4.12 High Pressure Shut Down

Both wells (if applicable) are monitored via independent pressure transmitters at all times and compared to a maximum system
pressure shutdown set point. If at any time, either pressure transmitter exceeds this set point for more than .2 seconds, the system will
shut down immediately. All four indicator lights will flash at the same time, in a one-half second interval. To clear the fault and restart
the unit, press the reset pushbutton on the PLC control panel.

If the fault condition reoccurs, it is an indication of one of several problems, a downhole problem, a power unit adjustment/tuning
problem or, a closed hydraulic valve. Contact service personal if the problem continues. It may require only a slight adjustment to the
relief valve, or to the pressure set point in the PLC via software.

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(Photograph: Pad style drill site with above ground cylinders)

4.14 High Pressure “Max Trip” Stroke Interruption

Each well is independently monitored via a separate pressure transmitter. If during the upstroke the PSI climbs above the safety
maximum set in the system parameters, the unit will shift to neutral. The PSI must be sustained for a set period before it shifts to
neutral allowing for natural spikes in the pressure while upstroking.

4.15 Testing Control Panel Indicator Lights

A simple test should be performed at regular intervals to ensure that none of the control panel light bulbs are burned
out. All lights on the PLC control panel will illuminate when the reset button is pressed and held. This test may be performed at any
time when the unit is running however; pressing the reset button will reset the stroke timers, which may cause a pressure spike due to
excessive stroke time. This can be avoided or minimized by performing this test with the “A/B” Selector switch in the OFF position.

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Photograph: Subsuface cylinders in a crowded well cellar

Section 5: Hydraulic System Operation, Adjustments & Fine Tuning

We highly recommend reading through this section at least once, as well as participating in an orientation training session with an
authorized HRPI service representative, prior to attempting to make this adjustment.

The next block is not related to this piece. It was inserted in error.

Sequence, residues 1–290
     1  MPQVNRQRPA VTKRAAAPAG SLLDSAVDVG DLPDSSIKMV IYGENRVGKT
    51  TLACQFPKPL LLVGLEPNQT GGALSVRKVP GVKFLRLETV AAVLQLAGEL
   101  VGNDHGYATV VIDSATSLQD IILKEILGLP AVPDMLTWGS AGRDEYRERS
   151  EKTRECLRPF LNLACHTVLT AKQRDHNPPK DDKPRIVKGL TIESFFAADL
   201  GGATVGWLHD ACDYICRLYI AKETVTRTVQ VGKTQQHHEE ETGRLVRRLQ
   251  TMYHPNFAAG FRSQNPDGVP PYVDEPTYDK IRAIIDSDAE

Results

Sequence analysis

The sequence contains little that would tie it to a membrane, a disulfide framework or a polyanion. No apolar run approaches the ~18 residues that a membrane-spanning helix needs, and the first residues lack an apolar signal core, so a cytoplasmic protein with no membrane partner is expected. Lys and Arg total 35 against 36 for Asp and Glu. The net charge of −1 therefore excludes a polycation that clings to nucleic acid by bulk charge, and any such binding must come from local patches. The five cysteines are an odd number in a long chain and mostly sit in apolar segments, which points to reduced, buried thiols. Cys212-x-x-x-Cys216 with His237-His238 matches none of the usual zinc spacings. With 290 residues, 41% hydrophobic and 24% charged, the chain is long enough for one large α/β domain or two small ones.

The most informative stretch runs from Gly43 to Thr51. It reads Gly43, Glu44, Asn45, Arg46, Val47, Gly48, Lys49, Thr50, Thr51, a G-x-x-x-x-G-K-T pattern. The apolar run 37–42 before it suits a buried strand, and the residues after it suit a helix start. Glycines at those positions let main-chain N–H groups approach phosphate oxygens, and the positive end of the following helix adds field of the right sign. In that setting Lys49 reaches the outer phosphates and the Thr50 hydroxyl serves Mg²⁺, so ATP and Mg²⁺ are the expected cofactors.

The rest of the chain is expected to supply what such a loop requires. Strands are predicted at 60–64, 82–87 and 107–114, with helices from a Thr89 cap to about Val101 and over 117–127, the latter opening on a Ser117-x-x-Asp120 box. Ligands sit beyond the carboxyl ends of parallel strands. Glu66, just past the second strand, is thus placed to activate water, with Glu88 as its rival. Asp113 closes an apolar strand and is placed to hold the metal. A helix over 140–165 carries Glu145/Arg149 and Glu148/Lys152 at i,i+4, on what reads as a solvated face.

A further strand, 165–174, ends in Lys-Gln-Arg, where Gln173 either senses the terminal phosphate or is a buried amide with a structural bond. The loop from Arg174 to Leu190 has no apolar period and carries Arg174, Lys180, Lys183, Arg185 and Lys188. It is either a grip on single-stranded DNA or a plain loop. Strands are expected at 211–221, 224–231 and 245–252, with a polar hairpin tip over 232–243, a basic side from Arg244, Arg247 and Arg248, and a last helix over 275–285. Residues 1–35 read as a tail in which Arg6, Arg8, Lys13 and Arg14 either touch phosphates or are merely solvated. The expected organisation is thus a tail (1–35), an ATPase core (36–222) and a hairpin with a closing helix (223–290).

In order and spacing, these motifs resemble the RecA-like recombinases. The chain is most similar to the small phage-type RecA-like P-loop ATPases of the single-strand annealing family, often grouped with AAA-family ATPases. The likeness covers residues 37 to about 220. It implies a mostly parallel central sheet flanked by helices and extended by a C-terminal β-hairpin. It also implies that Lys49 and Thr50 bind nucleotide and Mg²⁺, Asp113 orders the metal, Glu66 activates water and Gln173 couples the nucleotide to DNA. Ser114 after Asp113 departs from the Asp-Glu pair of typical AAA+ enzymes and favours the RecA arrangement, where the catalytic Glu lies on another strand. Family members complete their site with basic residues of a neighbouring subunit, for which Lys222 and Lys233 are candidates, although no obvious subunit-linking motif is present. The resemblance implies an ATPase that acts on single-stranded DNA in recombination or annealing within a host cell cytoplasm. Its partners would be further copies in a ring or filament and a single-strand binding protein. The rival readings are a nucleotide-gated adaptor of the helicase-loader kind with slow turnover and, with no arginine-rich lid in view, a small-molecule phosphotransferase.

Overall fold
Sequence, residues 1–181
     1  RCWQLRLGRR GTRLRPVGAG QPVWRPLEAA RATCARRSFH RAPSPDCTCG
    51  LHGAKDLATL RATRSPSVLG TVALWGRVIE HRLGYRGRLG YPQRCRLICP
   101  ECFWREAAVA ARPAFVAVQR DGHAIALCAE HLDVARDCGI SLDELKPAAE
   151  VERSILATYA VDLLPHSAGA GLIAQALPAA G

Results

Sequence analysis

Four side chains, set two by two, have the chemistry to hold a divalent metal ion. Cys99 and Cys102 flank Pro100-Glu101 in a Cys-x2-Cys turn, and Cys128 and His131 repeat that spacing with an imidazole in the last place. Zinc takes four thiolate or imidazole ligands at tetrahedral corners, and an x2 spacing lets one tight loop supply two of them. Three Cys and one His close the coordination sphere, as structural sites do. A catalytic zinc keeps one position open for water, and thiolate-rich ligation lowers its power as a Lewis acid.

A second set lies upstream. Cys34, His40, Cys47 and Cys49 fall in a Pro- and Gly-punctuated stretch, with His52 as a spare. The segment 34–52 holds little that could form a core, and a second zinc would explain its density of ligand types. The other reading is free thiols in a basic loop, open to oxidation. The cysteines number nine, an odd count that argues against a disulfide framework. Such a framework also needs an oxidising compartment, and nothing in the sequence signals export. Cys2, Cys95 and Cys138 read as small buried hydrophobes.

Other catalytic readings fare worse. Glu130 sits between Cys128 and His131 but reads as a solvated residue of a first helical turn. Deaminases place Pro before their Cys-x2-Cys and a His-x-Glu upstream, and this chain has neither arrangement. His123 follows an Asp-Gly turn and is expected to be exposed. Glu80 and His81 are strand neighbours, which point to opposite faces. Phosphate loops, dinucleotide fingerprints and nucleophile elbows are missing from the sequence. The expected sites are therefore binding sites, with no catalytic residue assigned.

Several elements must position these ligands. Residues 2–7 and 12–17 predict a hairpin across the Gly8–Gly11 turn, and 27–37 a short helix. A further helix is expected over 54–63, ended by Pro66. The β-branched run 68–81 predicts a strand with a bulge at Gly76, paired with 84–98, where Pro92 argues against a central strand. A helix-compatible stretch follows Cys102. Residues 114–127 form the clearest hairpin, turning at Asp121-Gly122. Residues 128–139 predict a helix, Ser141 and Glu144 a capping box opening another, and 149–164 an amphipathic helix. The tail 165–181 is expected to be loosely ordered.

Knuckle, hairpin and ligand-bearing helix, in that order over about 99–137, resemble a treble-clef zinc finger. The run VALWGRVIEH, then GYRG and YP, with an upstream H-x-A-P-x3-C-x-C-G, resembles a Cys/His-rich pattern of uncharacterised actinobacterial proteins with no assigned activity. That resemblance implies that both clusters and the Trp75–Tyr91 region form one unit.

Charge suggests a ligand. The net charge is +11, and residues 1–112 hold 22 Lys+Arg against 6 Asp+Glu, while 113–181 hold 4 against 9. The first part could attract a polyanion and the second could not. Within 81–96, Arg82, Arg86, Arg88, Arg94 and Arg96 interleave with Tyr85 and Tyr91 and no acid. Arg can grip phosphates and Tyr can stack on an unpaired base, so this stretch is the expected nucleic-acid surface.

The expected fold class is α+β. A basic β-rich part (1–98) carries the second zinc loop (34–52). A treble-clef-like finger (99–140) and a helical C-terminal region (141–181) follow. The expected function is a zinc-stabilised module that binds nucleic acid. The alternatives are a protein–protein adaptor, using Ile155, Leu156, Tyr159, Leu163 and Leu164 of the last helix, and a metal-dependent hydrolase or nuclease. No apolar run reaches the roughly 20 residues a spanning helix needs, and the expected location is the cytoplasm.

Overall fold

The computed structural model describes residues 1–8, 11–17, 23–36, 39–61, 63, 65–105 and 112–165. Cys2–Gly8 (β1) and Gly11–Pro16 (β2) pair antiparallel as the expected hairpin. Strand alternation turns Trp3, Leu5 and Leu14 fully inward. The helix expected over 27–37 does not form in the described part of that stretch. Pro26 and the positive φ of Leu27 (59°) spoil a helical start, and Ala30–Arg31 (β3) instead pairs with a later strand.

CAUTION:

The startup, operation and adjustment procedures described herein assume that you are familiar with all of the components, as well as the operating
principals and guidelines described herein. If you are either unfamiliar with any of the system’s components, or are unfamiliar with high-pressure
hydraulic equipment, you must stop and go back to re-read or review this entire manual before attempting to start the equipment.

Personal injury and/or death could result from improperly starting, operating and/or making adjustments to the equipment. Always wear
proper personal protective equipment.

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5.1 Initial Startup

Pre-Startup Checklist:

 The power unit’s reservoir must be nearly full of hydraulic oil (¾ full sight glass).
 The power unit must be connected to at least one hydraulic cylinder.
 The four-position “OFF-A-A&B-B” switch is in the “OFF” position.
 The three-position “TEST-OFF-RUN” switch on the motor starter panel is in the “OFF” position (straight up and down).
 The main circuit breaker on the power unit is in the “OFF” position.
 Open up both flow control valves all the way (counterclockwise).
 Open up the relief valve all the way (counterclockwise).
 Open up both soft shift valves all the way (counterclockwise).
 The hydraulic pump intake ball valve must be open all the way (3/4” square tube located under the valve stack turned counter
clockwise)
 Hydraulic ball valves are open.
 The electrical power has been safely connected to the power unit and is now energized.

Motor Rotation Testing Procedure:

The purpose of this test is to ensure that both of the motors are capable of operating and that electrical power is energized at
the power unit.

Caution: Before performing a motor rotation test for the first time, follow the “Pre-Startup checklist above.

Note: These steps must be performed in proper sequence. Failure to follow the sequence as described below will
produce unpredictable and/or undesirable results.

If either motor fails to run during this test, stop and correct the problem before continuing. Failure to correct any problems may
cause personal injury, or damage to the equipment.

1. Turn the main circuit breaker on the motor starter panel to the “ON” position.
2. Press the “RESET” button.
3. Turn the three-position “TEST-OFF-RUN” on the motor starter panel to the “TEST” to start both the fan and the pump motors.

 Both motors should now be running.

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 Proper motor rotation (direction) must be verified if this is the initial startup test, or if the electrical power supply has been
disconnected from the equipment.
 Pump Motor Rotation Direction: Clockwise, as viewed from the rear of the motor (motor shaft pointing away from you).